Reunion of the Löw-Beer, Tugendhat and Stiassni families at the 2017 Meeting Brno festival, Photo: Meeting Brno
“Being part of something very positive and constructive in Czechoslovakia, an optimism, this house embodied all of that, an expression of the positive thinking of our life in the 1930s. In those days it was such a new vision... I was taken to the house to play, we took the house for granted.” Eliška Löw-Beer, daughter of Felix Löw-Beer, recalls.
The Löw-Beers living again in the Tugendhat Villa, making it a home for a weekend at the 2017 Meeting Brno festival. Photo: Meeting Brno
“In 2017 the Löw-Beer and Tugendhat families were invited to spend a few days in Brno. Only then did I fully appreciate the architect's partnership with the family in building their home. We were shown through the house by Grete's daughter Daniela and her husband Ivo Hammer. Our children played here and ran back and forth from the garden to the living room. This made the house a hundred times more beautiful and livelier than usual, it regained its true shape and was a home again.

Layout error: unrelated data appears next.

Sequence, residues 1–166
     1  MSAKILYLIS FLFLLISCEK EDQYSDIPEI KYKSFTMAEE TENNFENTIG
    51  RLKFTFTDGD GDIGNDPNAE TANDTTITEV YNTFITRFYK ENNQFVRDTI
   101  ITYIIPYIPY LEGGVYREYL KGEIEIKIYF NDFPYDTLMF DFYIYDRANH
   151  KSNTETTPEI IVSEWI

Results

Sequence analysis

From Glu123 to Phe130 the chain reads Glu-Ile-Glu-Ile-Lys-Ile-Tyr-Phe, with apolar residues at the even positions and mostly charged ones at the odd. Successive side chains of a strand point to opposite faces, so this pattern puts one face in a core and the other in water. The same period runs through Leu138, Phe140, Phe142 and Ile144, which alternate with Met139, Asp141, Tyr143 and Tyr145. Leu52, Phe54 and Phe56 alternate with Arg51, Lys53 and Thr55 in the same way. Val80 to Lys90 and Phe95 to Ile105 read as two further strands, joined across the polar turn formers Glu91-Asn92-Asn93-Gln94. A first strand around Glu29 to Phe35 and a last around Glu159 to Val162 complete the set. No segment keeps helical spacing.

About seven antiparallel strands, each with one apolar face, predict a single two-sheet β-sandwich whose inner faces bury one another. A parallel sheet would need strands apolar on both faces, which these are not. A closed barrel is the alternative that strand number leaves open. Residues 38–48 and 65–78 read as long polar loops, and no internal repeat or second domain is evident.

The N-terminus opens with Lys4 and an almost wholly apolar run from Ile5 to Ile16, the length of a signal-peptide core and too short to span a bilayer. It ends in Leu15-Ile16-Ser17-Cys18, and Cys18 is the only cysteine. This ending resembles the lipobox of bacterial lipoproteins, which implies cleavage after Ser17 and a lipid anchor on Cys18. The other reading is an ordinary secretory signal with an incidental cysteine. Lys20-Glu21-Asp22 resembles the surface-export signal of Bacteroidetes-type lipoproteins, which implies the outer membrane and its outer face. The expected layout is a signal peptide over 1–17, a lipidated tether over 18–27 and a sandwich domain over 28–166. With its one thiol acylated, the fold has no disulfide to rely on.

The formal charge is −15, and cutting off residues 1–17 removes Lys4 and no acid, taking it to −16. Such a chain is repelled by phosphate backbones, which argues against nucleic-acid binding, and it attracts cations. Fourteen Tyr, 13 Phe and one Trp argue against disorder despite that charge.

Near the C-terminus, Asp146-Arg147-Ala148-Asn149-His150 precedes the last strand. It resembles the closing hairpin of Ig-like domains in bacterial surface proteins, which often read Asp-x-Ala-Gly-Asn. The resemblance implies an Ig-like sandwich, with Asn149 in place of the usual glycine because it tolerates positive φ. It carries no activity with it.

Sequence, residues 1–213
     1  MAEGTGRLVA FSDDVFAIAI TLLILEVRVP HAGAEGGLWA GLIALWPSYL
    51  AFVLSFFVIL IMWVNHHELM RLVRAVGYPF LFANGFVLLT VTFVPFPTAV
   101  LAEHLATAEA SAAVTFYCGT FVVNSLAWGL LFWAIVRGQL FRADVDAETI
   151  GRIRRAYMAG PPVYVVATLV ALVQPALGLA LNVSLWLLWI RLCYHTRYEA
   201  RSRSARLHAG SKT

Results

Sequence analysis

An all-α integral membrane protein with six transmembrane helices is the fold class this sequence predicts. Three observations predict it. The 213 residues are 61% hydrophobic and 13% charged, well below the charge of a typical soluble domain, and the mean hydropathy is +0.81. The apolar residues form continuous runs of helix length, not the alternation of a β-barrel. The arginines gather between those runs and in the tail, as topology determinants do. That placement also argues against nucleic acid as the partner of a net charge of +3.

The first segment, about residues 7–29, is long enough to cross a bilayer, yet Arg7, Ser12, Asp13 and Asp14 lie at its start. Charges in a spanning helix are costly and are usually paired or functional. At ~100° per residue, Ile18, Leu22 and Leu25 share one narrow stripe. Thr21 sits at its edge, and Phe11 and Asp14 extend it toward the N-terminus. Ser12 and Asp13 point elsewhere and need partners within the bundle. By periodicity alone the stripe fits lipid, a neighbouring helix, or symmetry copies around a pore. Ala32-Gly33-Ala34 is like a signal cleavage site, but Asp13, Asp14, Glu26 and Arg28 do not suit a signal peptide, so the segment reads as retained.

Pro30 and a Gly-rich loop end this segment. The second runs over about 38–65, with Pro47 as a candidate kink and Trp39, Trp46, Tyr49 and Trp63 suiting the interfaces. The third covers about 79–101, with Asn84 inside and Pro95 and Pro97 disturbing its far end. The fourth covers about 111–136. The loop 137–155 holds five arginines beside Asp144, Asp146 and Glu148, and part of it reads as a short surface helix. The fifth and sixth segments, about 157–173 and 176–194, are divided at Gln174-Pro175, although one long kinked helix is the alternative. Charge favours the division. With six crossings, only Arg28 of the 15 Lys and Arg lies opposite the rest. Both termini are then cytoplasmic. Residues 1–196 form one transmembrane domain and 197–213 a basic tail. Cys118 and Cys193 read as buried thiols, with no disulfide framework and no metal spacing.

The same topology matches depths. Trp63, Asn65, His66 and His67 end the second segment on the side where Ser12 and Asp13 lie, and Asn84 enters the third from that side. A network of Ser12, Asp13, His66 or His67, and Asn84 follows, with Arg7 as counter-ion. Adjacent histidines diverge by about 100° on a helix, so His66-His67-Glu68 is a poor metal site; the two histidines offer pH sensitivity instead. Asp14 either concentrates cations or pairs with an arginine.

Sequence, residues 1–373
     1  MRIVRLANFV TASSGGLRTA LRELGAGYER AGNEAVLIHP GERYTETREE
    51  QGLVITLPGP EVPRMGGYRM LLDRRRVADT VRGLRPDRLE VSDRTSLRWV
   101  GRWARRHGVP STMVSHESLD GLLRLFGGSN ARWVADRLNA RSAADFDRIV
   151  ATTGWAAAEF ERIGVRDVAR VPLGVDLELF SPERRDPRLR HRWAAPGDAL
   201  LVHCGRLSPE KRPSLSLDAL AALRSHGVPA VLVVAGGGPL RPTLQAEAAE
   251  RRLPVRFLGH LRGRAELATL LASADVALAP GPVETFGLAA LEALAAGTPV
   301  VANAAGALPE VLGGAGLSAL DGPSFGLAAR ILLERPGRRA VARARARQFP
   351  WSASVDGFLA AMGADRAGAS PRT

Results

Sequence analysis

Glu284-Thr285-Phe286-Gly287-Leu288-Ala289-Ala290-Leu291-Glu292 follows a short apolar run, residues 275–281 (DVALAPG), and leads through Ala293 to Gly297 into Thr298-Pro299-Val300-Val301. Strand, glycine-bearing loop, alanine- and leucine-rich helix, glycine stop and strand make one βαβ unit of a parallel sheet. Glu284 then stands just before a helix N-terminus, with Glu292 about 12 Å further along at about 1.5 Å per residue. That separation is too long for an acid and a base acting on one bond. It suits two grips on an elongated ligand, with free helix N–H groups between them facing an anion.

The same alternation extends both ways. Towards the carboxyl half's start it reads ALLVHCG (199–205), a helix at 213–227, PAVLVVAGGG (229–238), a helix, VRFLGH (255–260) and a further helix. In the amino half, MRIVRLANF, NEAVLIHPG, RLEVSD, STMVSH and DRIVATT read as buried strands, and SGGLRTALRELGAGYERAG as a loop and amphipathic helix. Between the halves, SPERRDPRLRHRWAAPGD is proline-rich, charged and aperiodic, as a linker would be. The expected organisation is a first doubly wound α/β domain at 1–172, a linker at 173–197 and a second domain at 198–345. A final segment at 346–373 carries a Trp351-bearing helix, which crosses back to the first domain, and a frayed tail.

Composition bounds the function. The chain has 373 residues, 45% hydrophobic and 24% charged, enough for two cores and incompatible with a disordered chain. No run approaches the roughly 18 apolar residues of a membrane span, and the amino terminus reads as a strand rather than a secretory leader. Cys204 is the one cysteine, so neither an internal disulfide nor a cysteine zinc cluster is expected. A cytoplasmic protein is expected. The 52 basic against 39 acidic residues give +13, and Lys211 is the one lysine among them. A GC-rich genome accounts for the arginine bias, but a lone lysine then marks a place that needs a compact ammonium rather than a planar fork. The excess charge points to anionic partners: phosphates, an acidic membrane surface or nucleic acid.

As you stand at the Černopolní street entrance, the Tugendhat Home is discrete. The real world is on the inside. The open glass house is the opposite of the closed ghetto, where the Löw-Beers had lived less than ninety years before. It is the negation of the ghetto. Yet like the crest of a wave on the hill above Brno, the Tugendhat Home was built for a Jewish family by a German architect using Moravian artisans. It is a highpoint of a unique culture which rose above what had come before, and then like a wave came crashing down. It is a beautiful house, but you can only really understand its architecture, the new way of living the family yearned for, when it becomes a home, filled with the real stories and people who lived there. Moravia provided a home for the Jews where our family could express themselves openly and without limits in business, architecture and culturally. The most beautiful home of the twentieth century reflects the new Czechoslovakia, built by a German architect, for a radically modern, open Jewish family way of life. It is also a Moravian Jewish symbol, a glimpse of a promised land for Jews in the heart of Europe, which was then shattered. Mies’ homes in Germany were more conservative, in America they were colder, without the beating heart of a home; they did not reflect the spirit of the new Czechoslovakia, nor Moravian modernism and its artisans. Both Mies and Greta had to come from Berlin to Brno to build this home. The building expresses the culture which allowed the Jews to feel at home and express themselves in a radically modern, open way of life, they defined and lived in this home, as the opposite of the closed ghetto. (Daniel Low-Beer, The Arks, 2020)